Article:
Unification Minister Chung Dong-young, left, and other well-wishers wave
good-bye to the Southern delegates before the delegates' departure for Kaesong
in North Korea for a two-day meeting, in front of the Office of the South-North
Dialogue in Seoul, Monday. Yonhap
After enduring months of frustrations, Unification Minister Chung Dong-young
``It is very good news _ like welcome rain after a long drought!'' he said,
expressing his excitement at the reopening of inter-Korean talks in Kaesong on
And there are plenty of reasons for him to be so pleased at the outset of the
first official inter-Korean talks in 10 months.
Only days after he took the oath as the South's unification minister, a series
of unsavory events took place to sour inter-Korean relations, which had slowly
flourished in recent years since the first-ever summit in June 2000.
On July 8, Pyongyang slammed Seoul's disapproval of a trip of a group of South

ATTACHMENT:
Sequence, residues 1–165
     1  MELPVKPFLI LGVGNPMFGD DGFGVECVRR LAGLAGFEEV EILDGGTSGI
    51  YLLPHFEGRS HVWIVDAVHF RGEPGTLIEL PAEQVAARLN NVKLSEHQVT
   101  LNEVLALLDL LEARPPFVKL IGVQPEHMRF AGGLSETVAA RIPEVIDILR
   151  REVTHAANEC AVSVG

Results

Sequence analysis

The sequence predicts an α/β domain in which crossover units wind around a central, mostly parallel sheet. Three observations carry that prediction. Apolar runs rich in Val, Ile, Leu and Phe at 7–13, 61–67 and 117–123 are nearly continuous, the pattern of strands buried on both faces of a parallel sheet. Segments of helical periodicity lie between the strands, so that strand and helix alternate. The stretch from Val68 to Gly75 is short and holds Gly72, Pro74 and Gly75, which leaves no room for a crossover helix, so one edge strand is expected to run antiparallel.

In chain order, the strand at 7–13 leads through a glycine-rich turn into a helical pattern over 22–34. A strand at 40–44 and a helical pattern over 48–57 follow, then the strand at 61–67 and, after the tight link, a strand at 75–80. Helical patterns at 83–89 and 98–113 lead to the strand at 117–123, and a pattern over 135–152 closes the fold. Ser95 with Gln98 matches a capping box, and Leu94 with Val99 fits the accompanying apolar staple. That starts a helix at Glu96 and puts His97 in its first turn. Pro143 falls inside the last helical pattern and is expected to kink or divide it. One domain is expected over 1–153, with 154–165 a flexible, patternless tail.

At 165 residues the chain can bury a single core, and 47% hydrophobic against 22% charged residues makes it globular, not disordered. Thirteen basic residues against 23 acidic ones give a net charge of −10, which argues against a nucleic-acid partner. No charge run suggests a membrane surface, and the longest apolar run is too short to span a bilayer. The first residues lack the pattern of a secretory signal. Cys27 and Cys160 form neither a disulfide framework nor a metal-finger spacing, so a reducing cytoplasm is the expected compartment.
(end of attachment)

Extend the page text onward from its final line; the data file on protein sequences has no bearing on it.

Koreans who intended to present condolences to the late North Korean leader Kim
Il-sung. The relations worsened when a total of 468 North Korean defectors were
airlifted to Seoul later in the month.
And, to his dismay, Chung, who took a one-month special lesson on inter-Korean
affairs, had to helplessly see the 15th round of Cabinet-level talks, which he
had so anticipated in August, canceled amid the soured relations.
Troubleshooters Meet as Chief Delegates
By Joint Press Corps & Ryu Jin
KAESONG, North Korea - ``Long time no see.'' ``Let's try to make it.''
A well-prepared negotiator from Seoul and a rising star from Pyongyang, both
called ``troubleshooters,'' met again yesterday more than a year after their
South Korea's Vice Unification Minister Rhee Bong-jo and Kim Man-gil, a deputy
director at North Korea's Secretariat of the Committee for the Peaceful
Reunification of the Fatherland, sat down for one-on-one talks in the North's